Liberia Part 3: Wild beach

 

Friday, May 2, 2014

It’s 2:30 pm and the hot African sun bears down on us. Our plane is scheduled later today, but for now I face the blowing sea smell of the wind from the Atlantic Ocean. The beach is desolate, but absolutely wild and beautiful. It’s a pure honey brown sand beach in Buchanan in the county of Grand Bassa.  My bare feet are in the sand with my business pants rolled up. I removed my tie hours ago.  These things make sense in northern European weather.  Not here.

soccer

I look out at the ocean and marvel. Nearby, boys run across the beach kicking a soccer ball into a makeshift goal stitched together from old fishing nets. The waves are as wild as my past six days in this country.  It’s been hot, dusty, beautiful, tragic, exciting and moving.

After four or more hours of dirt roads and bumpy car travel on the scenic route to and from Monrovia’s neighboring county of Margibi, we sat around a table drinking rosé and eating fried shrimp. With us was the country director of the African Development Bank, the head of the Liberia Mission at the IFC and the CEO of Access Bank, a German micro-finance bank operating in Liberia. We got together at a modern rooftop hotel bar to discuss possible housing finance solutions for low-to-middle income Liberian families. The hotel was new.  A loud group of American oil company contractors sat at the bar, chugging Budweiser.

People across all demographics in the developing world lack access to the finance they need to purchase a home. Liberia is no exception. Although there is a keen interest to test the home mortgage potential in the country, no significant lending activities have taken place in the 10 years after the civil war. At the forefront of pioneering home mortgage finance is the largest local bank, the Liberian Bank for Development and Investment (LBDI), with only US $10 million available for housing finance. Nothing is available for the majority poor. In this country of 4.2 million people, the World Bank reports that 83 percent live under the international poverty line of $1.25 US per day.

Creating financial vehicles with flexible credit terms for homeownership or residential improvements is not the final solution, but a huge piece of the puzzle.  Housing finance, along with safe construction expertise, is critical to address the severe housing backlog in the country: 60 percent of Liberia’s urban population – professors, tradesmen, fishermen, government officials, you name it – live in urban slums.

The National Housing Authority estimates that from now to 2030, more than 500,000 dwelling units will be needed to accommodate Liberian households. In terms of construction, this means that more than 30,000 houses need to be built annually over the next 17 years. This equals building a home every five minutes of the working day through to 2030 and this just to address the housing deficit and avoid the exponential growth of squatters and overcrowding in existing homes.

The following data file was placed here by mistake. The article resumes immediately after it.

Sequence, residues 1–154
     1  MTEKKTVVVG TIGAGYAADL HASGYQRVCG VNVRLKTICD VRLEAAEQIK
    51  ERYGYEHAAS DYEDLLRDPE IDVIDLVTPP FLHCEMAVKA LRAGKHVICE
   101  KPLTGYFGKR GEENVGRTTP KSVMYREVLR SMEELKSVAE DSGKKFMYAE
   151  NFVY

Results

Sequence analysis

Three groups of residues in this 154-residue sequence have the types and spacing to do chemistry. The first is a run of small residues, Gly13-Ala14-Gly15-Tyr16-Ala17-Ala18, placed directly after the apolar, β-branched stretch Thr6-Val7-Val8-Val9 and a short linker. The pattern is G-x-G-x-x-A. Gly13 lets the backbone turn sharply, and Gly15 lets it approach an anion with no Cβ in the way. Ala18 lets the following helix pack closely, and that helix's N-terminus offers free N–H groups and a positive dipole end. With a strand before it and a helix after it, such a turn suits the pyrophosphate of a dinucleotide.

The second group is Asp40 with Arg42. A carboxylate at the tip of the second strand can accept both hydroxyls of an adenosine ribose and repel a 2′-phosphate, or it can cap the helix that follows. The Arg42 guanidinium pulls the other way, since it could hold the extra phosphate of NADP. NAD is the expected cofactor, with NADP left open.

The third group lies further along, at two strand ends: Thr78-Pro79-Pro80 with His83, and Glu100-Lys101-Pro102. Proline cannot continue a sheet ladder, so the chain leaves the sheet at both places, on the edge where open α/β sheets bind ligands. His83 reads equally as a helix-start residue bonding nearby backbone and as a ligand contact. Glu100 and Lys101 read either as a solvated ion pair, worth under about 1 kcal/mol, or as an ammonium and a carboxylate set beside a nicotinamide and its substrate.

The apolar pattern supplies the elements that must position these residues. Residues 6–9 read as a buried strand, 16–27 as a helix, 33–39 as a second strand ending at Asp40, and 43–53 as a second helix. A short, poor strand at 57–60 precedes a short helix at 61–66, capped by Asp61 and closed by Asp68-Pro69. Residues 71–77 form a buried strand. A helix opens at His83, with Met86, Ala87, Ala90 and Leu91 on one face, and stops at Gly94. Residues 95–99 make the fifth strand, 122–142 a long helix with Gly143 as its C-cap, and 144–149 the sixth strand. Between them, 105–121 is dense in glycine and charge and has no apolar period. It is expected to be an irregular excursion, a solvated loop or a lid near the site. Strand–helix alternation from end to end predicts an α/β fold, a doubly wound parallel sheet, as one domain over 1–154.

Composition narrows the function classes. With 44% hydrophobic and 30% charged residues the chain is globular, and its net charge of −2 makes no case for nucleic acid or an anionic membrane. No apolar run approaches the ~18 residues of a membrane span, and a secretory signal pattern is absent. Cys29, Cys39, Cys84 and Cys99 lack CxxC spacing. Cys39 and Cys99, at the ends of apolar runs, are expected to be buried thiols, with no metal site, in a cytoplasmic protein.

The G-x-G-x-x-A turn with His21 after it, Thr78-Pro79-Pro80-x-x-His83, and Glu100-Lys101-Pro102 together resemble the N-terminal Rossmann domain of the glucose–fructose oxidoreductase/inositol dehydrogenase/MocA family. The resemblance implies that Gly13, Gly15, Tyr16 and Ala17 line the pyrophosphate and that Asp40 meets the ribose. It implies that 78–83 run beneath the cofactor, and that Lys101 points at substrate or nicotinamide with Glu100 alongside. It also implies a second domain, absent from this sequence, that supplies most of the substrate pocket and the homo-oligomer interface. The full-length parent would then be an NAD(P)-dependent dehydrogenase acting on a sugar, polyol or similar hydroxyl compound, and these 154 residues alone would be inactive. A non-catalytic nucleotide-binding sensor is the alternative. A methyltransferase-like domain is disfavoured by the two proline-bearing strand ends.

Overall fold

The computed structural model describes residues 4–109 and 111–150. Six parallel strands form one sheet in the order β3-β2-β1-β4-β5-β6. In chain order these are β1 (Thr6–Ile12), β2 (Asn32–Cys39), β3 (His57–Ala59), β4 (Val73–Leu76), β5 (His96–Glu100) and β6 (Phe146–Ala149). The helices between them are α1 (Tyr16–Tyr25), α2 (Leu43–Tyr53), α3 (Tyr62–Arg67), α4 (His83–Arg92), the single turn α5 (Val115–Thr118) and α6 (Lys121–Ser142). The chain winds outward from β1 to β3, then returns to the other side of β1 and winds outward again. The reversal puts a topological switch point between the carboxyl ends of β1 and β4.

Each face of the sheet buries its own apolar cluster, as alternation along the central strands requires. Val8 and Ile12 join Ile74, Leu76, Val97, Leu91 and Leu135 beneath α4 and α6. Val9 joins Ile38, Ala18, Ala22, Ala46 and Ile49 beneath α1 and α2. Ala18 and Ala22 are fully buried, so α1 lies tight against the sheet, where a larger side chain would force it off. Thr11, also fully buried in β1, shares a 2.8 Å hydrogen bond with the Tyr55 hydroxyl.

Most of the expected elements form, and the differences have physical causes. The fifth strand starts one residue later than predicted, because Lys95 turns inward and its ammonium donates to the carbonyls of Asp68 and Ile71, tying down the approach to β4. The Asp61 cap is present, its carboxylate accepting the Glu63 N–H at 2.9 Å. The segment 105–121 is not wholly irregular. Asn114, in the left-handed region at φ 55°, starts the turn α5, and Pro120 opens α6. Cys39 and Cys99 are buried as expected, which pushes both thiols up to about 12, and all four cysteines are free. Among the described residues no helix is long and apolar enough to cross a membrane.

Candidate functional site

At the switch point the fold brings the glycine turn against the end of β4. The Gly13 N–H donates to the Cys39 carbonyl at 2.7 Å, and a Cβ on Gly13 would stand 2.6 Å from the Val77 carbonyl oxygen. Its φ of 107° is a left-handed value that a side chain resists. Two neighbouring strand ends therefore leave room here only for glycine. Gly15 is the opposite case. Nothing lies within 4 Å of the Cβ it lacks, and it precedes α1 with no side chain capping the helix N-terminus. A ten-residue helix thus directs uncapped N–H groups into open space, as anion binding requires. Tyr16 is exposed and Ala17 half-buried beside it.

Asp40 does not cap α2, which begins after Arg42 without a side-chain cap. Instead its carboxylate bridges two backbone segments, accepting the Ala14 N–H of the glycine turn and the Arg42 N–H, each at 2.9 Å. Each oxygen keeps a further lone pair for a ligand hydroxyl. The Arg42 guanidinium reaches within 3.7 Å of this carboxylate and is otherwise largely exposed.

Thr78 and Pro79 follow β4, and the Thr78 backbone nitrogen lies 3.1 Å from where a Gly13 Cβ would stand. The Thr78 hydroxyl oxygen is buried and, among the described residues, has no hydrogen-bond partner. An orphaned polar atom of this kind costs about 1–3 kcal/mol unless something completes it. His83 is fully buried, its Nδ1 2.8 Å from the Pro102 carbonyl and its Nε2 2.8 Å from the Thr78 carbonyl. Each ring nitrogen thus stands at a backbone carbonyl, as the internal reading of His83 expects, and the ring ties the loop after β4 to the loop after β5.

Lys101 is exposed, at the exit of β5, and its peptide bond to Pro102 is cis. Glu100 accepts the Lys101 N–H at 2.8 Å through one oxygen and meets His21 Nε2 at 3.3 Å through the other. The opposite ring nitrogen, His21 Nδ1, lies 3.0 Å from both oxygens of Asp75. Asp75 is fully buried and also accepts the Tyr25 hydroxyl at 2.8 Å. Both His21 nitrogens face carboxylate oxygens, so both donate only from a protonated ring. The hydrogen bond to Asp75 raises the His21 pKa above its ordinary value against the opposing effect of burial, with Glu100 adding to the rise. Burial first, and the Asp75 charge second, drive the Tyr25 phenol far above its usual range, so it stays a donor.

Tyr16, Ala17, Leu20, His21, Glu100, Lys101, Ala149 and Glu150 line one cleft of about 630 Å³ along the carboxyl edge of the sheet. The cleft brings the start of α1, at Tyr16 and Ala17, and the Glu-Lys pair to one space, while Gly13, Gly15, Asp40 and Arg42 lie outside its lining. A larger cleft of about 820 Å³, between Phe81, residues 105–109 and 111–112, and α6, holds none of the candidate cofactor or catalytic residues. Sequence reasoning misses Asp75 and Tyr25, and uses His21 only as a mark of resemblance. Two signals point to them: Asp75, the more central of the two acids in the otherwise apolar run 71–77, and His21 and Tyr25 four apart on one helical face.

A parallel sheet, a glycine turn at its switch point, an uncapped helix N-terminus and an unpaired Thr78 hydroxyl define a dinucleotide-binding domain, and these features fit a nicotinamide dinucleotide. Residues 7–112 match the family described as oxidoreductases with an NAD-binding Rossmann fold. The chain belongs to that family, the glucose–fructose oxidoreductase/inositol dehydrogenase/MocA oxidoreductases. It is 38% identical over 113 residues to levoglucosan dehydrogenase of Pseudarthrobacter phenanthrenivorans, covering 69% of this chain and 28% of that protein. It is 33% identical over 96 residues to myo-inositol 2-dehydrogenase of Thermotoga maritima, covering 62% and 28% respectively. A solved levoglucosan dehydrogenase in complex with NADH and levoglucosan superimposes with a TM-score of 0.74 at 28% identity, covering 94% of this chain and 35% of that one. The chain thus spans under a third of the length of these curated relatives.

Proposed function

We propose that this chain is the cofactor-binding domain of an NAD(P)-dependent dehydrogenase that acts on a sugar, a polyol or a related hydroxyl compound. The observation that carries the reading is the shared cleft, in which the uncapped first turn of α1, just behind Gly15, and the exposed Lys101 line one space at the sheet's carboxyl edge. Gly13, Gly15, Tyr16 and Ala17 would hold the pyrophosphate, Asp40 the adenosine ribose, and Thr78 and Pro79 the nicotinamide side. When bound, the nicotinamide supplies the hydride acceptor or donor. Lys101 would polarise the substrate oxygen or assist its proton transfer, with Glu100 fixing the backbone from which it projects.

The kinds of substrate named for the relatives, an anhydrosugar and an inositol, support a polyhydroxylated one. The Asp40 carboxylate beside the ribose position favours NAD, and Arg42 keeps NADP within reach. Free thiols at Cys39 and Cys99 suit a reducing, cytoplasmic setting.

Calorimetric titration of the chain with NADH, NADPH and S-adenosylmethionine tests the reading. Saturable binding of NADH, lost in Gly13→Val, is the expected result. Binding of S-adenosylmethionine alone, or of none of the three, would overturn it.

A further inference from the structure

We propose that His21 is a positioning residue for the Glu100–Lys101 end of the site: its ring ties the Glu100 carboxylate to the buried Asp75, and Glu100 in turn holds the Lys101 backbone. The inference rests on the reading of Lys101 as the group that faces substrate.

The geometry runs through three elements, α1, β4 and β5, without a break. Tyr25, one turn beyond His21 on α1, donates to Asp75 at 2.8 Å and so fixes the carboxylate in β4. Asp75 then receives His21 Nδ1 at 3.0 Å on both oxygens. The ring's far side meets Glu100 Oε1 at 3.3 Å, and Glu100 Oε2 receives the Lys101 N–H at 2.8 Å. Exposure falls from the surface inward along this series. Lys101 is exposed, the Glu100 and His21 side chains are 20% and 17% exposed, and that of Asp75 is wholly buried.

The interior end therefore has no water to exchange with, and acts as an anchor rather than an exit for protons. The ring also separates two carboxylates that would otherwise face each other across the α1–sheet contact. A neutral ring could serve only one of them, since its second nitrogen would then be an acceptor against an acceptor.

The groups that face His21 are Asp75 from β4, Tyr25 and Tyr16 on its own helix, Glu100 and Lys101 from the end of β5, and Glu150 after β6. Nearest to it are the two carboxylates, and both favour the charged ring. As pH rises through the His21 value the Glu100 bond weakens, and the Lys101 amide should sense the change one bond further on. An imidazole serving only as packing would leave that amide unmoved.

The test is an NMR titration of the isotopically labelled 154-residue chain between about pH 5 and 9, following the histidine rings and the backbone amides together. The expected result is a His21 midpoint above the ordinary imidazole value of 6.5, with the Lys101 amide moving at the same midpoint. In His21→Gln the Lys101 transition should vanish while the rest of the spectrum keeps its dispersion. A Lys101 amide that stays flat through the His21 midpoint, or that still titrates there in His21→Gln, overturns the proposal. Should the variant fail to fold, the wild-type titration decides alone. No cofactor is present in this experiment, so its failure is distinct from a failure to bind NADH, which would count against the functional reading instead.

brick-home

Liberia is a land of challenges and great opportunities. Besides its brown sand beaches and salty air, it has rubber, iron ore, hydropower, petroleum, possibly oil and untouched forests in the north. It also has another resource greater than all of the above: the Liberian people.

It is difficult to imagine that 10 years ago civil war raged in this country. Liberia today is peaceful and the people are absolutely nice and kind. I am laughing with big Cojolo on the wild beach – well, I am laughing and Cojolo has a pleasant smirk on his face. I insist on believing that in the car rearview mirror earlier today I saw him smile at one of my silly little jokes.

I look forward to returning to Liberia and working with them. There is – and there is no doubt about it – a need for international standard engineering and construction management expertise willing and able to find local solutions to reduce construction costs to make decent housing both available and more affordable to the Liberian.

african-clothes

Something that I will never forget is the friendliness, appreciation and hospitality of the Liberian people – and particularly of the Hunter and Moore family who surprised us Wednesday in the late afternoon with traditional nuts and a welcoming ceremony – clothing us in traditional African clothes and matching hat and headdress. Their house was modest and women from their home village sang the most beautiful rhythm, a song of welcome and fellowship.

A boy on the beach has now abandoned his shoes and is knee-deep in the ocean. The wild beauty of this desolated beach is a perfect ending to my first visit.  But as I remember this beauty, I also recall little kids in the half-rotten houses in West Point community.  They smiled and were polite. Even in such dire circumstances.

kit-kids

I love this place.  I have great hope for this country.

Liberia – I’ll be back.

 

<——-Go back and read part 2

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